People who believe they have been discriminated against at work because they do not conform to stereotypes of how men and women should act can file sexual discrimination lawsuits if they are harassed about it, a Missouri Court of Appeals panel ruled Tuesday.

Missouri law doesn't prohibit discrimination based on sexual orientation and gender identity. But a ruling by a three-judge panel of the Missouri Court of Appeals Western District found that discrimination based on sexual stereotypes is sexual discrimination and can be the basis for legal action.

The ruling pertains to all people but is a step toward offering LGBT Missourians some protection from discrimination or harassment in the workplace, supporters said.

"If the employer mistreats a male employee because the employer deems the employee insufficiently masculine, it is immaterial whether the male employee is gay or straight," Judge Anthony Gabbert wrote in the opinion. "The prohibition against sex discrimination extends to all employees, regardless of gender identity or sexual orientation."

Tony Rothert, legal director of the American Civil Liberties Union of Missouri, said the law will help LGBT employees fight discrimination but it also applies to straight men and women who don't conform to sexual stereotypes.

"I think it's a significant step forward not only for LGBT people but for all people in Missouri, who will now have further protection from sexual discrimination in the workplace," Rothert said.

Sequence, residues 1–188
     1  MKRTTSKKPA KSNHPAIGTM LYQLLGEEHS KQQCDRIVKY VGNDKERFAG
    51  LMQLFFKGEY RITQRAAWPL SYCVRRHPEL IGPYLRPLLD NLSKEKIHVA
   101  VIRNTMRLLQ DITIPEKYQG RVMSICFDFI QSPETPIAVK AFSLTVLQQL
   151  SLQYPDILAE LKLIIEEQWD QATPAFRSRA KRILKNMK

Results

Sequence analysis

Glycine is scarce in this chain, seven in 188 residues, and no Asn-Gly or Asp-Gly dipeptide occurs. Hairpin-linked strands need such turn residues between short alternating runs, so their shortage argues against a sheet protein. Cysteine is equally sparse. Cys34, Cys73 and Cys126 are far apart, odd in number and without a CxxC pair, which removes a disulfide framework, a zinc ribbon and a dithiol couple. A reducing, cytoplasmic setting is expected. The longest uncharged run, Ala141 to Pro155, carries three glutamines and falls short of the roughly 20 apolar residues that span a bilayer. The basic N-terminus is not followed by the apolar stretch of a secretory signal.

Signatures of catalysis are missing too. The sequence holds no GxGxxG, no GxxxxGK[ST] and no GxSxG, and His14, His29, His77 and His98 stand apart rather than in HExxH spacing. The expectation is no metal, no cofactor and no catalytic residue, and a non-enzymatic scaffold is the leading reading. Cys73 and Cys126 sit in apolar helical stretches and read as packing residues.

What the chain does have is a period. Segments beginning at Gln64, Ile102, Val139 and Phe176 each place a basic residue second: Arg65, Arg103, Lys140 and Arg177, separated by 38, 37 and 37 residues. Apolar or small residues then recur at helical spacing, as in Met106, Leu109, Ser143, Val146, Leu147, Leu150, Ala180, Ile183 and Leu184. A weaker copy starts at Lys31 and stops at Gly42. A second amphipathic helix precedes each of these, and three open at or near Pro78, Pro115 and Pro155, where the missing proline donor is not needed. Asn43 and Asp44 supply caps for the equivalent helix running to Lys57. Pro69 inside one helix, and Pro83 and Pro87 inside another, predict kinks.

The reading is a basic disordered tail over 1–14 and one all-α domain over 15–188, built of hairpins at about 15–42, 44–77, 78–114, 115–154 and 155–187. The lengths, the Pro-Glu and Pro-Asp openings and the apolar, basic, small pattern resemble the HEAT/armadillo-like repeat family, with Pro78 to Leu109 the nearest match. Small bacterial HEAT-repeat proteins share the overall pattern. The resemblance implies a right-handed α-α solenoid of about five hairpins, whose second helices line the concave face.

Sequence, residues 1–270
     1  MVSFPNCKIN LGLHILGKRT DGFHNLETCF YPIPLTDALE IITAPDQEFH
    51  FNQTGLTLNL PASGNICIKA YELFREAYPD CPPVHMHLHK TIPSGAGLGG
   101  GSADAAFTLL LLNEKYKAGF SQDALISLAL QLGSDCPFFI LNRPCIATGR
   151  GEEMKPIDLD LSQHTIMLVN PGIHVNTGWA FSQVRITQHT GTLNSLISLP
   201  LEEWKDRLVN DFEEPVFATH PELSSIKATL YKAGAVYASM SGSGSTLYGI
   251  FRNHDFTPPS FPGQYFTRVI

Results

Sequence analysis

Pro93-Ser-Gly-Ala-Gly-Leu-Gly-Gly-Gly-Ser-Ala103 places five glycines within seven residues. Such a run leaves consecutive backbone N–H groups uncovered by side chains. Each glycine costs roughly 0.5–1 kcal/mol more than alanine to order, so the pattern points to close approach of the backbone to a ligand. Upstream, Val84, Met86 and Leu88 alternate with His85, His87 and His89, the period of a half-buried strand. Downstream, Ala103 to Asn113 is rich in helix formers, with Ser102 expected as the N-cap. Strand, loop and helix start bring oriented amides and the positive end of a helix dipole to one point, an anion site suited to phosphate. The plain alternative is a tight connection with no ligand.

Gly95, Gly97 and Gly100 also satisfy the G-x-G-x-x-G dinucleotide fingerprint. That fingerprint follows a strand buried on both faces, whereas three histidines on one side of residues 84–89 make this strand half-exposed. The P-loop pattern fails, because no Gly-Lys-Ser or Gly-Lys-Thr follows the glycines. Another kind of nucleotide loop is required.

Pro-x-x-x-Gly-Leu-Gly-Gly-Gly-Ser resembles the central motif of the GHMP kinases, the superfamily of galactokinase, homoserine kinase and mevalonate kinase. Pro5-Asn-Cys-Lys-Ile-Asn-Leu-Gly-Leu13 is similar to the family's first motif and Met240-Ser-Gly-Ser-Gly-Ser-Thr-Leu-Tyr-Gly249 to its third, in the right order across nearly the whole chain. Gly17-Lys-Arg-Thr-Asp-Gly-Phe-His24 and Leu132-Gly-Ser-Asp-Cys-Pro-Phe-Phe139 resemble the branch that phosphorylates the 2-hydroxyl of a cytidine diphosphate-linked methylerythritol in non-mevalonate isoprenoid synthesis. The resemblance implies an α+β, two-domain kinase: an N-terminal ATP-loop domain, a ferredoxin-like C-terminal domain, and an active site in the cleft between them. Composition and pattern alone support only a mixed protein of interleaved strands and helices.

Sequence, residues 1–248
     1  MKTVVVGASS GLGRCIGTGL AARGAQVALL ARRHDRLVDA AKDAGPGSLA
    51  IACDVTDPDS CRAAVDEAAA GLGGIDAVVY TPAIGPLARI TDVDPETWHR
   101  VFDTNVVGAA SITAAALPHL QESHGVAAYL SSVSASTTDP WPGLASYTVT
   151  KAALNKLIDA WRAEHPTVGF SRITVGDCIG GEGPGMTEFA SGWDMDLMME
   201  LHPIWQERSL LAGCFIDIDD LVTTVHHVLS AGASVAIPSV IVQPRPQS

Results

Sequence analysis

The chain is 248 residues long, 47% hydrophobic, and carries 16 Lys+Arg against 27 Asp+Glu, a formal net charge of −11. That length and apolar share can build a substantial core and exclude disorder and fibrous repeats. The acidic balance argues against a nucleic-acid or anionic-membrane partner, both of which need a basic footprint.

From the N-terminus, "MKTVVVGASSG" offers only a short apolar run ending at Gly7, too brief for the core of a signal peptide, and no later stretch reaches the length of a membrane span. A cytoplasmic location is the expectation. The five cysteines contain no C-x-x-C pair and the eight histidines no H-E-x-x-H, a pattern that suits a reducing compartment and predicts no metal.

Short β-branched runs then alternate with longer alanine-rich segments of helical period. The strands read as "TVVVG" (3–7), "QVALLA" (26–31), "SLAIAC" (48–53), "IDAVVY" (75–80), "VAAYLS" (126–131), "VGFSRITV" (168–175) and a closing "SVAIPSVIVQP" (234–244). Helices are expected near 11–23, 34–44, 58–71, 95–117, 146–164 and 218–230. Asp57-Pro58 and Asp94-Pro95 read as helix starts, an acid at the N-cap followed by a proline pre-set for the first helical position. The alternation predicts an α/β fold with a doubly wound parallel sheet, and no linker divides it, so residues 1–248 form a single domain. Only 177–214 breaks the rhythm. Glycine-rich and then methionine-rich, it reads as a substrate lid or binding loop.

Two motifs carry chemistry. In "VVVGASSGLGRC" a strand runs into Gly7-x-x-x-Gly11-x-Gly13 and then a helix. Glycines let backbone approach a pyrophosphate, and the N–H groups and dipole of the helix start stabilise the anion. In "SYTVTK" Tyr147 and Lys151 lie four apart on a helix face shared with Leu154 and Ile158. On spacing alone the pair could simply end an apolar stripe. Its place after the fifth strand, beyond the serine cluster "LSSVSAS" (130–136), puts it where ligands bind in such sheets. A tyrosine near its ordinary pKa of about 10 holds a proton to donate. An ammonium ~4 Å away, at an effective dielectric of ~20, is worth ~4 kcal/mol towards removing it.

The ruling came in a 2014 case from Cole County, where two former employees of the state's Department of Social Services sued the agency. Harold Lampley, of West Plains, a gay man, claimed that he was discriminated against because he didn't meet his bosses' stereotypes of how males should act. A co-worker, Rene Frost, claimed she was retaliated against because she associated with Lampley. They argued their treatment was based on sex, not sexual orientation.

A spokeswoman for the office of administration did not immediately return a call Wednesday.

In 2014, the Missouri Commission on Human Rights said it didn't have jurisdiction in the case because the discrimination was based on sexual orientation, rather than the sex of the plaintiffs.

The appeals court disagreed, saying the ruling "simply recognizes the manifold ways sex discrimination manifests itself."

The court ruled the human rights commission must issue right-to-sue letters so Lampley's and Frost's discrimination claims can proceed against the child support enforcement division. The commission did not reply to a request for comment Wednesday from The Associated Press.

The ruling doesn't change or affect a law passed by the Missouri Legislature this summer that requires workers claiming discrimination in wrongful-termination suits to prove that the bias was the primary reason – rather than a contributing factor – that they were fired, Rothert said.

The decision is just a "catch-up" that brings the state's definition of sex discrimination into line with federal protections that have been in place for decades, Rothert said, but LGBT employees are still in danger of discrimination in Missouri.

"If Missouri wants to be a place where large national employers and people want to bring their families, the Legislature needs to add sexual orientation and gender identity to the Human Rights Act," he said. "And they need to do it soon."